On Thursday, China made its latest move to combat the slowdown, cutting key interest rates — the second rate cut in a month.
Chinese remain among the world’s stingiest consumers. Household consumption in China accounted for a paltry 35 percent of the overall economy in 2010, compared with 71 percent for Americans and 57 percent for Europeans.
Chinese also save far more than others, with an average household savings rate of 38 percent in 2010, compared with just 3.9 percent for Americans and 2.8 percent for Japanese, according to figures compiled by Bloomberg Businessweek magazine, using statistics from the World Bank and the Organization for Economic Cooperation and Development, along with other data.
And while younger Chinese have begun to buy more, save less and take advantage of credit more often than their parents, the old habits appear to be eroding slowly and may change only with a new generation.
“I don’t see the need to consume that much,” said Patrick Zhou, 36, a married Shanghai lawyer with a 2½-year-old son. Zhou said he and his wife each save about half their income every month, which still leaves them with enough money to eat out regularly and take a yearly vacation. “We have our house. I have my car. We travel every year,” he said.
The high rate of savings contrasts with the increasingly visible consumerism in cities such as Beijing and Shanghai, which are filled with Ferraris, shopping malls and luxury boutiques.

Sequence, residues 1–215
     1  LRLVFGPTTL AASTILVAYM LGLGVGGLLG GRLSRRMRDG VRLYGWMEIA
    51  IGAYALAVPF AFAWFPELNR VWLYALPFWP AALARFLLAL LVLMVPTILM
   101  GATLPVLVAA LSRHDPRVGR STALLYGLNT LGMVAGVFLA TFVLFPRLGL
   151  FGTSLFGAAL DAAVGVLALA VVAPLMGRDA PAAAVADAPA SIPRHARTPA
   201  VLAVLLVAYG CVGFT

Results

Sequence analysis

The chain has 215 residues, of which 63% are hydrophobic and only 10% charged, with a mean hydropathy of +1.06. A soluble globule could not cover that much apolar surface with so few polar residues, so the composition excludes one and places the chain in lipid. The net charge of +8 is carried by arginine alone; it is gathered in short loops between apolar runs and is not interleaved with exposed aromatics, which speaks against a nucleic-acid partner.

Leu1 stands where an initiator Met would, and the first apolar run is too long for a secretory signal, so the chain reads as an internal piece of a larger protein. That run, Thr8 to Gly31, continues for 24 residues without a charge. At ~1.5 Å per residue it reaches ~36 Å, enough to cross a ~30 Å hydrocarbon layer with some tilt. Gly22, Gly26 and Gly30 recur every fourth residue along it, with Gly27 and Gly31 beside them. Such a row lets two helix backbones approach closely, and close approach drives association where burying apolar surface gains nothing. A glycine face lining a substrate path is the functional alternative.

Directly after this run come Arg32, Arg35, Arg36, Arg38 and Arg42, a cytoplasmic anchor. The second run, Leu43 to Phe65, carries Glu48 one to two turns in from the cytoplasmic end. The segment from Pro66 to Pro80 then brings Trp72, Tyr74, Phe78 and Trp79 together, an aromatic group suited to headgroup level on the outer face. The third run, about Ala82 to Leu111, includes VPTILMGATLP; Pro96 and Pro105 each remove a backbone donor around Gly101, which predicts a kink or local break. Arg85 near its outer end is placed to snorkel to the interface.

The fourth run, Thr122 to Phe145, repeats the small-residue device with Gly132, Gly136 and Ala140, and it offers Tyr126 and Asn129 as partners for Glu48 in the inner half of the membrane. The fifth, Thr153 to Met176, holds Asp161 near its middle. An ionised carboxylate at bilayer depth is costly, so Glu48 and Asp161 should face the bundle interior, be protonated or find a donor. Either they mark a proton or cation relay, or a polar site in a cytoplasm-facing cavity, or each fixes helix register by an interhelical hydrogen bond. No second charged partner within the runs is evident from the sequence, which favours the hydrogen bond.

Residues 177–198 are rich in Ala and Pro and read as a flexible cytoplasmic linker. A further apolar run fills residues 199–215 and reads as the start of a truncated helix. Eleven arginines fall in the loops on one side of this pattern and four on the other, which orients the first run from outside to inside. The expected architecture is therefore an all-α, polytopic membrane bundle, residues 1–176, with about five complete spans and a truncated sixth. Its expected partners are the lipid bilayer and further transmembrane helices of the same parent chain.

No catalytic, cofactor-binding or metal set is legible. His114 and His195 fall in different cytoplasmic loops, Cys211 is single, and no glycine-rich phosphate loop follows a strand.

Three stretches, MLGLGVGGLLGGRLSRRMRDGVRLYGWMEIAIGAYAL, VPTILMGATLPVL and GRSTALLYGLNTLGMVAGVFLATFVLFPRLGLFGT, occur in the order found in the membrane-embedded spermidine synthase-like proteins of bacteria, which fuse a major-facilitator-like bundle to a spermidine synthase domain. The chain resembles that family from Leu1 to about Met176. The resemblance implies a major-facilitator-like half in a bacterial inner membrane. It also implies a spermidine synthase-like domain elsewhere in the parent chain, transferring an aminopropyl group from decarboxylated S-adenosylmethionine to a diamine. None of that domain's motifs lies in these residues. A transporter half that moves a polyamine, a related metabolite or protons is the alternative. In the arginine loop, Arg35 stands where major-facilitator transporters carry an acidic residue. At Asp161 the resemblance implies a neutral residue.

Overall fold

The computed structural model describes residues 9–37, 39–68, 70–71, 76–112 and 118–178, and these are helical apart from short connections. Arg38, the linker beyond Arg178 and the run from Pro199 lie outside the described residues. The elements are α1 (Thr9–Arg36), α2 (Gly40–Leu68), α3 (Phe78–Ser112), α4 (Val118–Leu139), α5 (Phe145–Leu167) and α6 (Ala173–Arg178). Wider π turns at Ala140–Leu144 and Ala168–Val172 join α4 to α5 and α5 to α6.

Precedent and practicality
Chinese older than 50 cling to more conservative spending habits than those in their 30s and 40s, said Shaun Rein, managing director of the Shanghai-based China Market Research Group and author of a new book called “The End of Cheap China.’’
But the exception to the savings-first rule appears to be the 20-something generation, veritable spendthrifts compared with older Chinese, with “an effective savings rate of zero,” Rein said. These Chinese were born after their country’s opening to the world in 1978, grew up with relative affluence and want the latest iPad and iPhone.
The reasons Chinese save more and spend less are complex, stemming in part from tradition and in part from government policies that discourage consumption. People older than 50, who save more than 60 percent of their income, remember a period of economic hardship and political chaos: the “bitter years” of the Great Famine, from 1958 to 1961, and the violence of the Cultural Revolution, from 1966 to 1976.
Some younger Chinese have carried on that tradition of thrift. Tony Ren, a 30-year-old married Shanghai accountant, saves about half his $2,600 monthly salary but says he doesn’t feel he is wanting for anything. “Maybe I’m too busy to have a lot of time spending money,” he said.